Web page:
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Women have the right to choose partners

By Grace Chirenje
SAMANTHA Ruvimbo Dzapata and Tafadzwa Murengwa, a love story gone wrong. Sad. May their dear departed souls rest in eternal peace. My heart breaks so badly as I write this article, there is something about Samantha’s story that resonates with me. That resonates with many women I spoke to during the course of the week.

Hers is a story that speaks to many women’s lived realities. This is not about whose side one should take or who was right or wrong – this is about women and their life stories. The stories that define their most intimate moments with men they choose to love. Each woman has a right to choose how she wants to live her life and share it however with whosoever she chooses to. However, what is heart-wrecking is the notion that for women, the very support systems that are supposed to protect us, government structures, family and friends are the very spaces that women face their greatest struggles.

Our way of life
Poverty, oh pathetic poverty! Well, maybe not entirely poverty because I recall my brother sharing a story of a family he knows and they live in very poor conditions and yet they are some of the most amazing beings he knows.

So, no, poverty is not always synonymous with wanting things. In the case of Samantha, a family whose values seemed to be steeped in accepting gifts from a beloved “son-in-law” resulted in the family losing their beloved daughter.

Zimbabwe generally has people who are struggling to make ends meet. We wake up daily, hustling and fighting for survival the newly found ‘ngwavendor’ (hustling and vending) industry. We push, we shove and we keep trying but clearly, mazino, (it is a struggle). The very system of family that ought to support the women of Zimbabwe is struggling with the realities of poverty, pain and sorrow and ultimately, it looks like some of the choices we make are dipped in the bitter narrative of choosing what our values push us to become and what our daily needs are all about. We see this hard choice for women every single day. Women are left to fend for themselves and ensure that they work to make ends meet. It is not an easy choice. On one hand, we strive to feed families and on the other hand we strive to seek being heard and seen by the very ones we choose to do life with.

Ultimately, we fight a losing battle as the very systems that ought to support us are facing serious changes and such transformations do not seem to support the growth and development for women in order for them to witness emancipation – Samantha’s case is a telling point. On the flip side, that protection/peace order to save Samantha was very progressive – it is what the Domestic Violence Act (DVA) is all about.

Many times, women are “protected” by the law but again, the socio-economic narratives override the many sources of support and render the policies to protect women a random joke!

More needs to be done to protect women using the law. It is more than issuing and serving, it is also about follow up and ensuring that women’s safety and security is prioritised at all costs. Zimbabwe can hold hands to make a difference so that the level of femicide that we are witnessing is reduced.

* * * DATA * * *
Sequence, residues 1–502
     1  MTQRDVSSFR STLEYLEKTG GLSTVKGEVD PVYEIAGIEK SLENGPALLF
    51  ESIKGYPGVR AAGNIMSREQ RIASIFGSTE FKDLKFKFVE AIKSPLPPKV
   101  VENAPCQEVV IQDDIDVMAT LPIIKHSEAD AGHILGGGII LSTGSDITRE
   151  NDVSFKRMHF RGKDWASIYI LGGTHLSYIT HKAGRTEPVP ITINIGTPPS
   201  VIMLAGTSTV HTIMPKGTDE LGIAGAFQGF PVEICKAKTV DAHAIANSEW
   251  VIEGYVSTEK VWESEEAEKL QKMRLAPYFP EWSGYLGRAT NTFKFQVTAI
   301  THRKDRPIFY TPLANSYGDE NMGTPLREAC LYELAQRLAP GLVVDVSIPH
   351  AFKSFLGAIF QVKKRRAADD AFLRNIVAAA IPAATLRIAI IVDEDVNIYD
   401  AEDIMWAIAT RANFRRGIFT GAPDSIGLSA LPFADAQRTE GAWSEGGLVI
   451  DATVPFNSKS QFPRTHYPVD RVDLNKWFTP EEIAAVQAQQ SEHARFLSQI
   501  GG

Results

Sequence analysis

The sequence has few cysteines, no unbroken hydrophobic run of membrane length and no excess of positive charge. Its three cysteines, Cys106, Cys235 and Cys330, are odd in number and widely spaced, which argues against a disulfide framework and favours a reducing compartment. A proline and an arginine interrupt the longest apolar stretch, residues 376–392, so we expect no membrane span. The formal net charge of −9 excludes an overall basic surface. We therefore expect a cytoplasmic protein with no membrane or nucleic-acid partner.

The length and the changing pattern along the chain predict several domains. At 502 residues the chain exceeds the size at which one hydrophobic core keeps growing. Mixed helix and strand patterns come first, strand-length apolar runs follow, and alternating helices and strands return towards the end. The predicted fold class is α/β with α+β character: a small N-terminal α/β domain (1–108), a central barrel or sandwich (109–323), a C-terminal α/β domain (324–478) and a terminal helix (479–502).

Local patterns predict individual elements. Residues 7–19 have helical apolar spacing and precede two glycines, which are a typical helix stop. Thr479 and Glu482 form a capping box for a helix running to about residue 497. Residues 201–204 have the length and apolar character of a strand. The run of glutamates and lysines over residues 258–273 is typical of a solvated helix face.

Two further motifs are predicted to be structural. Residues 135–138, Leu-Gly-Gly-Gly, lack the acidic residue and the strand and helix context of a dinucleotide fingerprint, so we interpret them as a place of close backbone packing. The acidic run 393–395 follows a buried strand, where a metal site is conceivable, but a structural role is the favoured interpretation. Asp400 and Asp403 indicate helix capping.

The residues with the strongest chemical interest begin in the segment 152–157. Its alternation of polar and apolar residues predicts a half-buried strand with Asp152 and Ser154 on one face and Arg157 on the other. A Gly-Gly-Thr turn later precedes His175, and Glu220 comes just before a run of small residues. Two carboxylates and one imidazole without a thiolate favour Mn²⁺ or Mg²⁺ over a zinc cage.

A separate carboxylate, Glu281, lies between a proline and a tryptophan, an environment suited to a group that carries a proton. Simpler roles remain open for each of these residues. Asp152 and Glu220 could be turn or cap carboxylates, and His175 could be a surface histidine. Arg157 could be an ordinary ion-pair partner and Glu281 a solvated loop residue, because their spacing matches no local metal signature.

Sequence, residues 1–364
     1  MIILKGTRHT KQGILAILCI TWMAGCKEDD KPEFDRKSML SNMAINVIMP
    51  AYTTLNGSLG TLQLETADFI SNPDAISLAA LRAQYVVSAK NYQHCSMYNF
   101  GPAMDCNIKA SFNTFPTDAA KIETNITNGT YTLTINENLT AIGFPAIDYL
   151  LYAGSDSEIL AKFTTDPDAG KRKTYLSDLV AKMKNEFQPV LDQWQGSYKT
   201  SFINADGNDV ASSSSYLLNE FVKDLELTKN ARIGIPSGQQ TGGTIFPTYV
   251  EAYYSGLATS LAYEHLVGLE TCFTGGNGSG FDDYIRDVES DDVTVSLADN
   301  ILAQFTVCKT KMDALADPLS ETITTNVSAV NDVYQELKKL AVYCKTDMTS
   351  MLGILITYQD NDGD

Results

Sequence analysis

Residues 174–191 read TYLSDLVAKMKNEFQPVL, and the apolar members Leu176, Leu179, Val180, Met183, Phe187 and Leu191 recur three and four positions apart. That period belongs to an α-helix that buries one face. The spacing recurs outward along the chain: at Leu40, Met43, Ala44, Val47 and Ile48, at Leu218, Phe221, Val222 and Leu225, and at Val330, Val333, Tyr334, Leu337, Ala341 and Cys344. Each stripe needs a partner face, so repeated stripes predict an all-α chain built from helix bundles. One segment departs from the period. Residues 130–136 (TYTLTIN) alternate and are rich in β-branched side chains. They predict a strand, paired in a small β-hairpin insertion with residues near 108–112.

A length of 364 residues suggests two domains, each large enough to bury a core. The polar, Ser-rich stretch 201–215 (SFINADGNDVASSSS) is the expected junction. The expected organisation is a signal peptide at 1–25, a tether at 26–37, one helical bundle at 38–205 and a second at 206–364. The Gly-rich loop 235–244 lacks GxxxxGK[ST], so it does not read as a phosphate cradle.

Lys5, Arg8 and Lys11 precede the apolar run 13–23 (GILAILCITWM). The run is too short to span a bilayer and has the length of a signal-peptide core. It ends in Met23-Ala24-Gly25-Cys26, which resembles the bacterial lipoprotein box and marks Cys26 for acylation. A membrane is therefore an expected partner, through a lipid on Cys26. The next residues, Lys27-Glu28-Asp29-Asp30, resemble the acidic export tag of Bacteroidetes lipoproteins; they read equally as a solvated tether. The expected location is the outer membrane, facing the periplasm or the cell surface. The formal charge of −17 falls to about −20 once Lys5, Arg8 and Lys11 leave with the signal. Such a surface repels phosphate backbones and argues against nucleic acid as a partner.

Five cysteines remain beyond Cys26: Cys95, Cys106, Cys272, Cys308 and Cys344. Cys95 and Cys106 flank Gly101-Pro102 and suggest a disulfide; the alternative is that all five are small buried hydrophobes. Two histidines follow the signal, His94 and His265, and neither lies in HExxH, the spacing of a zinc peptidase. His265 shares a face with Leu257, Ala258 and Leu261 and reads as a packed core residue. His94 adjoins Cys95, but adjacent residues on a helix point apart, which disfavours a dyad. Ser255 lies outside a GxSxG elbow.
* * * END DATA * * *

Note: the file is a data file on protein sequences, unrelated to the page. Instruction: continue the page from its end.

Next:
A continuous exploration of conversations that seek a win-win would be critical to ensure this. We have indeed come a very long way in our culture around women’s human rights development but still, more needs to be done and it needs all of us to hold hands so we make the difference for women.

Zimbabwe needs to continue to do much more for women, as the larger portion of the population, we deserve better though – women cannot keep dying at the rate they are. More than as a result of intimate partner violence, women cannot continue to die at the rate they are dying – something urgently needs to be done!

Desiring better
As I continued to hear the stories around Tafadzwa and Samantha, it is clear that the judge of society is pretty oblivious to issues that have to do with mental health. The dynamics we have perpetuated around intimate relationships between men and women are unhealthy.

There is just so much unlearning and relearning that needs to happen in order to shift the current narratives round how we love and are loved. With the rates of mental illnesses constantly going up, Zimbabwe needs you and me to do much work.

Yes, the economy is wreaking havoc on our ability to manage stress. The World Health Organisation (WHO) is on record encouraging each and every person to mind the way they handle stress. We cannot have stories like that of Samantha and Tafadzwa dominating our society – love is a beautiful adventure that should be fully enjoyed.

Yes, we mourn the loss but also embrace the lessons of this unfortunate accident. It can teach us to become better as a society in enabling goodness in society as we seek to address the many ills we find in society that affect women and their ways of living. We indeed can come together and redefine mjolo (intimate relationships) in the face of economic hardships, especially for women.

It is now that we ought to make life change for the better. We keep pushing and giving life our best. We keep exploring solutions until we find them. Until then, we live, laugh and love in a bid to show the world that we were here, becoming better, making our mark, leaving our footprint as we make the world a better place!

  • Grace Chirenje writes in her personal capacity as a citizen of Zimbabwe. Follow her on social media for more Lifezone with Grace conversations on Twitter: @graceruvimbo;
  • Facebook: Grace Ruvimbo Chirenje; Instagram: @graceruvimbo.

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